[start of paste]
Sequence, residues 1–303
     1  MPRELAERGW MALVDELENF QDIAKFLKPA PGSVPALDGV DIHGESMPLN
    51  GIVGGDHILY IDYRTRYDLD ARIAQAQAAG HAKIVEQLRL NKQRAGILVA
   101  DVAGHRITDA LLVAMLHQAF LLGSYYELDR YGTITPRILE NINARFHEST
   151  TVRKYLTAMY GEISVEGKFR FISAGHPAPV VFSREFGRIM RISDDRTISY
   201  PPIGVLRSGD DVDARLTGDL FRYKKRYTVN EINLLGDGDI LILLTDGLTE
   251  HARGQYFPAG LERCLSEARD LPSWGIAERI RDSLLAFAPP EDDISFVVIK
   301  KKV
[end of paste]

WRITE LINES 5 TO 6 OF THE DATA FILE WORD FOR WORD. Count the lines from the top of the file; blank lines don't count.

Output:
   151  TVRKYLTAMY GEISVEGKFR FISAGHPAPV VFSREFGRIM RISDDRTISY
   201  PPIGVLRSGD DVDARLTGDL FRYKKRYTVN EINLLGDGDI LILLTDGLTE